Warren Haynes talks influences, favorite places to play
via Niagara Gazette
Haynes and Gov’t Mule return to Artpark for a performance on Tuesday
Warren Haynes and Gov’t Mule return to Artpark on Tuesday. The band that started as a side project to keep Haynes and fellow Allman Brothers Band member Allen Woody busy between Allman tours, has evolved into a band with its own loyal following, and Haynes’ primary outlet for his songs.
Once a power-trio, Gov’t Mule has toured as a four-piece shortly after the passing of bassist and co-founder Allen Woody in 2000. Since their formation in 1994, Gov’t Mule has released 10 studio albums, the latest came out last month and is entitled “Revolution Come … Revolution Go.”
Gov’t Mule shows are often long, and feature extended jams, and ever-changing set lists. Haynes and Gov’t Mule have toured extensively and Haynes recently took time to discuss by phone his favorite venues to perform at.
“There are places like Red Rocks in Colorado, and The Gorge in Washington State, that are so beautiful it makes it hard to have a bad show,” Haynes said. “Having said that, you can have a great show anywhere there is a great audience. Audiences up your way have always been really excited to be part of the music.“
Haynes is known for his expressive vocal stylings, and unique approach to the guitar.
“I was singing before I played guitar. I started singing when I was 8 years old and my early influences were souls singers. James Brown was one, and Otis Redding is probably my favorite singer of all-time, Dennis Edwards from The Temptations, Sam Moore from Sam and Dave, those were the guys I tried to emulate when I was first learning how to sing.”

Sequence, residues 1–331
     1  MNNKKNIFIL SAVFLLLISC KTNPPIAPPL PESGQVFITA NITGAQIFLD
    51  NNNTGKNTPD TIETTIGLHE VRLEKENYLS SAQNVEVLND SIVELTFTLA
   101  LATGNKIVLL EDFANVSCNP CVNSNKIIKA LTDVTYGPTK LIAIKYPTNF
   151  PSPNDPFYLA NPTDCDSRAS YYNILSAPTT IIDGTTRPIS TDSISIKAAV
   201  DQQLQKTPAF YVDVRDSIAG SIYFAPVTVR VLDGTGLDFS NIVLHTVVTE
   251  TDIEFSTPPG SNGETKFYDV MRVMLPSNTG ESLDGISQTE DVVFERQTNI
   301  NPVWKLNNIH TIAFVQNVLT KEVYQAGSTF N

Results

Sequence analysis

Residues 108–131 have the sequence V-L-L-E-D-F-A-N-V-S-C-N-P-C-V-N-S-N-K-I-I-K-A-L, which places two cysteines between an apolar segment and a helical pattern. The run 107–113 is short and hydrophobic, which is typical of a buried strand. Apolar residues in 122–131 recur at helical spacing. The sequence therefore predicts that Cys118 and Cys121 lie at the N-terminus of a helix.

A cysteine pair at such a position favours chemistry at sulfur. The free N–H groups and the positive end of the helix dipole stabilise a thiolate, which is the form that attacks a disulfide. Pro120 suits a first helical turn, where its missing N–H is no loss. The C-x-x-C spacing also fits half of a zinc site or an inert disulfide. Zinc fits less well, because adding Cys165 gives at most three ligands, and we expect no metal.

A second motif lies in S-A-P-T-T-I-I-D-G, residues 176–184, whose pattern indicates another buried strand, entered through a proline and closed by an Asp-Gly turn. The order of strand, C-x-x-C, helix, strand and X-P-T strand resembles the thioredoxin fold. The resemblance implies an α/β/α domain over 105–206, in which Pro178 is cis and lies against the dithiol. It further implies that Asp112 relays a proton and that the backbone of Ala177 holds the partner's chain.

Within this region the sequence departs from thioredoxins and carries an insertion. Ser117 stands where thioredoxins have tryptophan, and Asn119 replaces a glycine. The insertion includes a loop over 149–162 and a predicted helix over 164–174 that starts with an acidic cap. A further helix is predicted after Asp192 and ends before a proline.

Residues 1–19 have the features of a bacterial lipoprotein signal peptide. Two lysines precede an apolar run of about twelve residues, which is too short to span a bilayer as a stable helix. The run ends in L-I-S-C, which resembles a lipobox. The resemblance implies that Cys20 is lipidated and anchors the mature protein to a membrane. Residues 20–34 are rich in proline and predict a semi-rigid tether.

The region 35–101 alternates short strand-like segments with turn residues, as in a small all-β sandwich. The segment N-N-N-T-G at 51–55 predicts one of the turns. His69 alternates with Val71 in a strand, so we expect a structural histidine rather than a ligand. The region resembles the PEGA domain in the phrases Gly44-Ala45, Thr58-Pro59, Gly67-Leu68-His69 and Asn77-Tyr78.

“When I started playing guitar, my love of vocalists made me gravitate to players who sing through their instrument. That has always driven my style of playing,” Haynes said.
“I have so many musical heroes, my tastes run across the board. The more you listen to other musicians, the more you will learn to develop your own voice. When I listen to Bonnie Raitt or B.B. King, their voice in an extension of their instrument. All my life I have been looking for a guitar sound that is compatible with my voice.”
Even though Gov’t Mule is his main project these days, it was not all that long ago that he was performing with The Allman Brothers Band along with a second guitarist. Gov’t Mule was designed to provide another creative outlet for Haynes, and as a three-piece.
“There is a freedom in working within a three-piece because when you are soloing there is no rhythm guitar to get in the way,” Haynes noted. “That’s why Cream and Hendrix sound the way they do. That can get limiting as well because at some point you want to bring in other colors. That’s why I relish the fact I can do so many different things.”
Haynes comes to back to Artpark on the heels of a new album, and while the band is known for taking chances and changing things up, it can be a challenge to introduce new material to audiences.
“I love the fact that the new material connected with audiences right away, in some ways more than it has on previous records. You always have to be careful how much new material you perform, but our audience has always encouraged us to try new things.”
“Revolution Come … Revolution Go” is not an overtly political album even though it has a few songs that are somewhat political in their commentary.
“A lot of my favorite music harbored political messages, and if you look at the golden era of rock music, which was from 1967-1973, there is a lot of great music that was inspired by the political change that was going on. In some ways I think modern music would be healthier if it addressed the change in a healthy way, and inspired artists,” Haynes said
“People seem to have become complacent. I read an article that said music is the most inspired during times of war and political unrest, and that the current era is the exception to that rule.”
You can hear the inspired sounds of Warren Haynes and Gov’t Mule on Tuesday. Tickets start at $12.